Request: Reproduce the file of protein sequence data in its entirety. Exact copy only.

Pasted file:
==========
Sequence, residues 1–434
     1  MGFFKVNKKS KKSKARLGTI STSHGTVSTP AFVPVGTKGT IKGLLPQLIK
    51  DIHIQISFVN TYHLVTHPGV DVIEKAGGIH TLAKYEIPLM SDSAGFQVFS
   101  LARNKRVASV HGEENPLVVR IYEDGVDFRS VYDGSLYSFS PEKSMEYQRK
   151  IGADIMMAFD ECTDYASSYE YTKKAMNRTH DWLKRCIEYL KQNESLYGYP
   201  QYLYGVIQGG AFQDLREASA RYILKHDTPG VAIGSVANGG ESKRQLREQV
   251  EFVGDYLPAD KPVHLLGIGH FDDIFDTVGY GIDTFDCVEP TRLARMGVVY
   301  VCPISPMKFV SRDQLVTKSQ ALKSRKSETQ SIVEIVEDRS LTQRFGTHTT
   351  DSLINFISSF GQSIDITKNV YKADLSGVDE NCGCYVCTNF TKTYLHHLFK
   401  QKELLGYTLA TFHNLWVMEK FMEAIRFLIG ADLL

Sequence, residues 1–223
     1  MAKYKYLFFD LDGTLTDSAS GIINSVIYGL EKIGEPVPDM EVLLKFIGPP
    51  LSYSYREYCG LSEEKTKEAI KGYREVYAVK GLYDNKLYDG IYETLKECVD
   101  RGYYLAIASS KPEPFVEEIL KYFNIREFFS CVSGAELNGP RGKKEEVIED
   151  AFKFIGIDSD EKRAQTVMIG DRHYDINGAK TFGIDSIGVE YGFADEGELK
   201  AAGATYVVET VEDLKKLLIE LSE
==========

Sequence, residues 1–434
     1  MGFFKVNKKS KKSKARLGTI STSHGTVSTP AFVPVGTKGT IKGLLPQLIK
    51  DIHIQISFVN TYHLVTHPGV DVIEKAGGIH TLAKYEIPLM SDSAGFQVFS
   101  LARNKRVASV HGEENPLVVR IYEDGVDFRS VYDGSLYSFS PEKSMEYQRK
   151  IGADIMMAFD ECTDYASSYE YTKKAMNRTH DWLKRCIEYL KQNESLYGYP
   201  QYLYGVIQGG AFQDLREASA RYILKHDTPG VAIGSVANGG ESKRQLREQV
   251  EFVGDYLPAD KPVHLLGIGH FDDIFDTVGY GIDTFDCVEP TRLARMGVVY
   301  VCPISPMKFV SRDQLVTKSQ ALKSRKSETQ SIVEIVEDRS LTQRFGTHTT
   351  DSLINFISSF GQSIDITKNV YKADLSGVDE NCGCYVCTNF TKTYLHHLFK
   401  QKELLGYTLA TFHNLWVMEK FMEAIRFLIG ADLL

Sequence, residues 1–223
     1  MAKYKYLFFD LDGTLTDSAS GIINSVIYGL EKIGEPVPDM EVLLKFIGPP
    51  LSYSYREYCG LSEEKTKEAI KGYREVYAVK GLYDNKLYDG IYETLKECVD
   101  RGYYLAIASS KPEPFVEEIL KYFNIREFFS CVSGAELNGP RGKKEEVIED
   151  AFKFIGIDSD EKRAQTVMIG DRHYDINGAK TFGIDSIGVE YGFADEGELK
   201  AAGATYVVET VEDLKKLLIE LSE